Lifetime Cannabis Use Is Not Associated With Negative Beliefs About Medication in Patients With First Treatment Psychosis
Journal article, Peer reviewed
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Original versionFrontiers in Psychiatry. 2022, 13, 824051. 10.3389/fpsyt.2022.824051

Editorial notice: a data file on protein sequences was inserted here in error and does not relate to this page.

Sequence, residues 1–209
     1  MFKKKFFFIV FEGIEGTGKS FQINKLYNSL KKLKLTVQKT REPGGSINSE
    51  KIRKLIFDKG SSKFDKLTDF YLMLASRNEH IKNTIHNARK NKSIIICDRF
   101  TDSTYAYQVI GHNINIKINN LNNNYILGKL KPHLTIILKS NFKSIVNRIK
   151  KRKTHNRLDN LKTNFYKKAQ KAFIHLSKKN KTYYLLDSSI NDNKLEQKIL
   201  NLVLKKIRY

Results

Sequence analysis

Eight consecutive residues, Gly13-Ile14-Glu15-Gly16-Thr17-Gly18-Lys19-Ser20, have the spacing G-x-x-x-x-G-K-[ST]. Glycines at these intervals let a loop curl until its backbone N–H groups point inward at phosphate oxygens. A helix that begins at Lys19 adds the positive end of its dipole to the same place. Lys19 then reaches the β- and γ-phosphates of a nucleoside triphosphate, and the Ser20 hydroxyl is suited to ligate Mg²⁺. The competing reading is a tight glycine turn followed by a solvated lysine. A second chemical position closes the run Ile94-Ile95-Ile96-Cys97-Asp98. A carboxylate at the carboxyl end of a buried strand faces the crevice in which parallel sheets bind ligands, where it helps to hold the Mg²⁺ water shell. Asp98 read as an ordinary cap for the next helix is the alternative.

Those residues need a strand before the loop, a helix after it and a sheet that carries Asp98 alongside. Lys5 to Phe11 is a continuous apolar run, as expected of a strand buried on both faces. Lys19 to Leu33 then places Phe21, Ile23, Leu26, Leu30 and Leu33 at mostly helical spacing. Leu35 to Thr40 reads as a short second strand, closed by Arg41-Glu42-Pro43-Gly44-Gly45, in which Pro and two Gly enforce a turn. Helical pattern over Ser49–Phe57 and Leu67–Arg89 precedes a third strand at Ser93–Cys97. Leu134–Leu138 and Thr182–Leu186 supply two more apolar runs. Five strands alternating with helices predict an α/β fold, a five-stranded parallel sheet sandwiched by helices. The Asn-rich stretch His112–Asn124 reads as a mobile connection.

Objective: Cannabis use is common among patients with psychosis, and along with negative beliefs about medication, it has been found to predict poor adherence to antipsychotic drug treatment. Such lack of adherence to antipsychotic drug treatment increases the risk of poor clinical outcomes and relapse in patients with first treatment for psychosis (FTP). However, to date, it is unclear whether cannabis use may be related to negative perceptions about antipsychotic drug treatment. Methods: A cross-sectional sample of 265 FTP patients with schizophrenia spectrum disorder underwent extensive clinical assessments. Three measures of cannabis use were obtained: lifetime, current and meeting diagnostic criteria for abuse or addiction. For the primary analyses we focused on lifetime cannabis use. The Beliefs about Medication Questionnaire (BMQ) was employed to assess the patients' specific concerns and perceptions of antipsychotic medications, as well as general beliefs about pharmacotherapy. The relationship between lifetime cannabis use and BMQ scores was investigated with general linear model (GLM) analyses, controlling for age and sex. Results: Patients with lifetime use of cannabis ≥10 times were more likely to be male, younger at the age of onset of psychosis and with higher levels of alcohol use and daily tobacco smoking, as compared to the non-users (p < 0.05). Neither lifetime use of cannabis, current use nor a cannabis abuse diagnosis was associated with negative beliefs about medicines as measured by the BMQ questionnaire. Conclusion: Use of cannabis is not linked to negative perceptions about antipsychotic medicines in patients with FTP. Other reasons for poor compliance to antipsychotic drug treatment in cannabis users need to be further investigated.